As more of them came and they got closer, I could make out their features. They looked like desiccated corpses, running at full speed in rags that were so filthy any discernible feature of the clothing had long degraded away. These were supposedly the first creatures to come out of the apocalypse. Essentially, it was like the undead had reason up. I could imagine the fear and panic as those things ran through the streets leaping on people and eating them.
Although the aim of the turrets was much better thanks to the guidance of Cecelia, we still didn’t have very many. I had dedicated most to protecting the building we resided in, so the marketplace only had three. Of those three, two were facing the sides so they could attack those on the edge of the marketplace and on, and only one was facing the marketplace directly, a deterrent for anyone who might cause trouble. It was perhaps this turret that kept people from approaching.
In general, one wouldn’t feel comfortable standing in front of an automated turret. They didn’t know how I had programmed the turrets so they didn’t attack people. Everyone who had known about Cecelia was on my team or dead. This was information I wasn’t even willing to share with the Dragon’s Claw. Perhaps, they believed it was the collars that protected them from turret fire. Anyone else would feel like they were having a gun pointed at their head the entire time they were shopping. It was an unfortunate consequence of remaining safe.
Despite Cecelia’s best efforts, more and more ferals appeared, and they eventually overtook the first two turrets. The men lifted their weapons and began shooting as well. A few ferals managed to avoid getting hit, and they immediately leaped onto the first table of food. They managed to start grabbing food and eating it like they were starving. From what I would be told, even if they were engorged, or had a hole in their stomach where the food fell right out, they would keep eating and keep eating until everything was gone.
Since the zombies didn’t appear to be interested in the people nearly as much as the food, the men were able to move forward and execute them one after another from a safe distance. Once the last zombie was confirmed dead, the saleswomen came out into a market that had been torn apart.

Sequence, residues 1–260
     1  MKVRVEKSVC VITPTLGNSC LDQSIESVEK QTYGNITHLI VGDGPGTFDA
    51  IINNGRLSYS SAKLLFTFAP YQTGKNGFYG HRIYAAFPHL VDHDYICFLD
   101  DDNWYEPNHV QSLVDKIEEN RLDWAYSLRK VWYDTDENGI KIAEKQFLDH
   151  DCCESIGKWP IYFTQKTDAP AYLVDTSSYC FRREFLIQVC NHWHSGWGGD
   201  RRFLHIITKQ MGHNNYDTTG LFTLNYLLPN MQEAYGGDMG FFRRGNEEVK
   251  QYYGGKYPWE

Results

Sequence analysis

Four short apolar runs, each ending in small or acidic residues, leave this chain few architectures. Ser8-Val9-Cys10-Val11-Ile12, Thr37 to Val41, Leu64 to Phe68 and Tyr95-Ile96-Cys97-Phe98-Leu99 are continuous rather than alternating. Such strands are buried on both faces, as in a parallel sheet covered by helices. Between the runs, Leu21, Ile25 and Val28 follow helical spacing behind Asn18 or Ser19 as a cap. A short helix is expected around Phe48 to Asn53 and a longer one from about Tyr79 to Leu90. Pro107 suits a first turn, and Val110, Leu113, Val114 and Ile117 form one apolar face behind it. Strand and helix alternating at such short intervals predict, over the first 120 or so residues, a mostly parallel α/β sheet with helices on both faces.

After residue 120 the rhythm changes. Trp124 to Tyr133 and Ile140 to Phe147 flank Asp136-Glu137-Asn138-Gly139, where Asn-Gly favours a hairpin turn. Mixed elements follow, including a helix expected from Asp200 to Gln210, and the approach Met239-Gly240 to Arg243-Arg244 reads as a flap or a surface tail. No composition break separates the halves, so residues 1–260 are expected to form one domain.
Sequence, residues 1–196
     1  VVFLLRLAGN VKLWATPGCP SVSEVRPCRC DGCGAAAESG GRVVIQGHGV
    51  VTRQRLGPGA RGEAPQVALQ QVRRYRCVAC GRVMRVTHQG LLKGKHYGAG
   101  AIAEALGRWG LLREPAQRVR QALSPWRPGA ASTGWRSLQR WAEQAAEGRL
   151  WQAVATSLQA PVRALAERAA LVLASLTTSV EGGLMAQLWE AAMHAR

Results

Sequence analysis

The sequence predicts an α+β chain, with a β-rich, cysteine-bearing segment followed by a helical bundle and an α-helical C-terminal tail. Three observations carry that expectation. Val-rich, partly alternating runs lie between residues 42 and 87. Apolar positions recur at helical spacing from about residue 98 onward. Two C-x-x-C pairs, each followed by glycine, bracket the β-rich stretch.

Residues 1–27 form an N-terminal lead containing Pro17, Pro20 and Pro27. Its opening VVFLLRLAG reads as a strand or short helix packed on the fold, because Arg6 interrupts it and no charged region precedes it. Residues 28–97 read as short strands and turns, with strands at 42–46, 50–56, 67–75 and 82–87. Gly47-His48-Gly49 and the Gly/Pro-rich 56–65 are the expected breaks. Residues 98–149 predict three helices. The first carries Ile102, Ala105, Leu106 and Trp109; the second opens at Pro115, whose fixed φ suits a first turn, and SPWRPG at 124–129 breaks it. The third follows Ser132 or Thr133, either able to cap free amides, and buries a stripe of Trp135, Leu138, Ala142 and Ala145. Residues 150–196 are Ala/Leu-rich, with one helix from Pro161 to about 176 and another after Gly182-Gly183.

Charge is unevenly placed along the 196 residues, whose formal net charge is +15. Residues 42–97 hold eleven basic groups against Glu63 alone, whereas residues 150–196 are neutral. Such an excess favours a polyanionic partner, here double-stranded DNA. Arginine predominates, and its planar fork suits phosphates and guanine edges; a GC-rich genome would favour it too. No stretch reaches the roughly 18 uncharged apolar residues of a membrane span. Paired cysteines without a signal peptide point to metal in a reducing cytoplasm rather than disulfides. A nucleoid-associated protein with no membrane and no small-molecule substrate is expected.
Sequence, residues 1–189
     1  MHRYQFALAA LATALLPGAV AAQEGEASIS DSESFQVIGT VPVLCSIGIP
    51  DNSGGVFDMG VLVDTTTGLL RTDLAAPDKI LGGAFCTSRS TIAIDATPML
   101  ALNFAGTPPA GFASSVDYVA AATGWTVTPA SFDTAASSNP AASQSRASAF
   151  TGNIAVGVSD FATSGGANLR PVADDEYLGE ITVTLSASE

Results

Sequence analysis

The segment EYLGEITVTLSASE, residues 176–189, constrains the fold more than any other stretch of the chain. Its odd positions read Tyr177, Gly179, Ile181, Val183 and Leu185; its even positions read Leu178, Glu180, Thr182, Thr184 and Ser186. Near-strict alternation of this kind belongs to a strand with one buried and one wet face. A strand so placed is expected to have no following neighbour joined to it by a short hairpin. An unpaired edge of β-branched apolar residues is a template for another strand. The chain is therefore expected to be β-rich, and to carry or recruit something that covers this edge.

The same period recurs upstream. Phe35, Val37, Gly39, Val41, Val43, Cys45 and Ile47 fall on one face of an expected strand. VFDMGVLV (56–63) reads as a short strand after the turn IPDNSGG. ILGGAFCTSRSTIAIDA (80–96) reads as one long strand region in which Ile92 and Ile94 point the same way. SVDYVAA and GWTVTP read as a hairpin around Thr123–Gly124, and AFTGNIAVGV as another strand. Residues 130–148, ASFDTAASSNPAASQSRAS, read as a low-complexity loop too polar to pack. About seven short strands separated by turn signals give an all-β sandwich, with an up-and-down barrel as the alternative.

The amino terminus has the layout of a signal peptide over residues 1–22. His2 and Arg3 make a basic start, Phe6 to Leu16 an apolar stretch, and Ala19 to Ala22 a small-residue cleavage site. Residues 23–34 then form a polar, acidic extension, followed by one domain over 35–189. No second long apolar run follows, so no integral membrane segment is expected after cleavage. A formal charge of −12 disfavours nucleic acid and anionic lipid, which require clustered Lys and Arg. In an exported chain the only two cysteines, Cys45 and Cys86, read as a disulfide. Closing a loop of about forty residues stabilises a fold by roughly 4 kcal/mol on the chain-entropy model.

“How are the turrets?” I asked Cecelia.
“They have begun their regeneration cycle. They are around 70%.”
Naturally, even futuristic turrets still required ammo. These guys could regenerate ammo just like the smart gun. They could also hold a lot more than the smart gun. However, there were limits to them. That run had about 30 ferals in it, and it cost them 30% of their ammo reservoir.
“How long to recover?”
So, they regenerated about 10% of their ammo per hour, and three turrets were able to take care of 100 ferals before ammo runs out. Well, thirty was already enough to get past our current barrier. I projected that another thirty, a total of sixty, would have been enough to decimate the market and allow them to reach this building. This wasn’t all bad. I did learn something I didn’t know before.
Frowning slightly, I waited to confirm the battle was over and then I left my perch and went down to the ground floor to assess the damage. At this point, the market was closed without a single sale. Half of the food had been ruined, either being dumped on the floor, eaten, or even bled on. Well, the raiders probably wouldn’t care about any of that, but I did. I watched as the girls picked up what was left and took it inside. Tomorrow, we would try again.
“The food was left covered, correct? Was there a smell I didn’t account for?” I asked as I surveyed the scene.
Katarina stood up after checking on one of the corpses and then shook her head. “No, this was deliberate.”
“Someone gathered these ferals and then released them so that they’d attack this place.”
“How can you be sure?”
“Ferals usually have certain similarities with each other, a kind of pack order. Ferals nearby wear similar outfits and look similar. These guys are too varied in appearance.” She explained.
“What does this mean?” I asked.
“It means that someone was testing our defenses. They wanted to find out how weak we are. They’re planning to attack us.”
“Should we prepare?”
“No… they’re not done yet. They’ll be sending bigger waves, and trying other options. They’ll be probing us more in the future.” Katarina declared, looking up at me. “This is only going to get worse.”